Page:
“Overall, the RAN market is looking up. After 30 years of boom-and-bust cycles, the market is currently reaching a peak with 5G deployment in its active mode this year. In coming years, we see new revenue coming in from private enterprises to offset the natural drop in CSP sales; specifically, the private LTE/5G market will grow by 19%, accounting for more than $4 billion in 2026. As a result, the total RAN market will remain near its 5G peak for a few years, with the possibility for growth in the longer term,” commented Chief Analyst Joe Madden.
Total Year Review for 2021 – Global RAN Revenue:
This pre-earnings report offers a comprehensive overview of the RAN market with Mobile Experts’ signature accuracy and detailed breakdowns. This quarter’s report includes revenue estimates for the top 25 vendors in the RAN market for 2021. This is the first of a series of quarterly updates, and it is available today for instant download with purchase at www.mobile-experts.net.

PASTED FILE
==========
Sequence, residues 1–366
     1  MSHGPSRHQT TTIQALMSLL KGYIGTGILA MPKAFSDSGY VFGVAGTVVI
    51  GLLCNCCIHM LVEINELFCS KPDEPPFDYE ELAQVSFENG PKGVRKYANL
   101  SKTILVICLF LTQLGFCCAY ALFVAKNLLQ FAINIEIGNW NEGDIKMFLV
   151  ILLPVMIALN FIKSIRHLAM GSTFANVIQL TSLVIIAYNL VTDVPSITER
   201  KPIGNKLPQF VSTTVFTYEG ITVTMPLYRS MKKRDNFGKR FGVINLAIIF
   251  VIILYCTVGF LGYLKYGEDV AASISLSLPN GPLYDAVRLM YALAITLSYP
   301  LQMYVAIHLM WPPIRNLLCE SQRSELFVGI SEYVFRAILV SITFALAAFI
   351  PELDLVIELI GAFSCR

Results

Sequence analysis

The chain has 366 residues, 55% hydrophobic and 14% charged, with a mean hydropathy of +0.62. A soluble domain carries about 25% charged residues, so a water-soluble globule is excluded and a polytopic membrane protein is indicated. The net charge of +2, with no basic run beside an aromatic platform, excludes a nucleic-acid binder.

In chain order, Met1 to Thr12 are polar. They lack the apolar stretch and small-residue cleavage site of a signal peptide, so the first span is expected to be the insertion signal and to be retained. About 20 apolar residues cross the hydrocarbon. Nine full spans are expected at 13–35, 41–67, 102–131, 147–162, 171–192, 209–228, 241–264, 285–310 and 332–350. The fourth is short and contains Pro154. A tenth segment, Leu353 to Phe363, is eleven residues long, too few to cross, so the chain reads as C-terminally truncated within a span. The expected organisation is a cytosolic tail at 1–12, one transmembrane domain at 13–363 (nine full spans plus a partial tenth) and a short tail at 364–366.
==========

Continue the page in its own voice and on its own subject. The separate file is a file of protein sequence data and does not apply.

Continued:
For more about this research and buy the report, click here.
About Mobile Experts Inc.:
Mobile Experts provides insightful market analysis for the mobile infrastructure and mobile handset markets. Our analysts are true Experts, who remain focused on topics where each analyst has 25 years of experience or more. Research topics center on technology introduction for radio frequency (RF) and communications innovation. Recent publications include: RAN Revenue, Cellular V2X, Fixed Mobile Convergence, Edge Computing, In-Building Wireless, CIoT, URLLC, Macro Base Station Transceivers, Small Cells, VRAN, and Private LTE.
Table 1: Ericsson’s headline figures (Swedish Krona-SEK billions)
|Research and development expenses||-42.1||-39.7||–|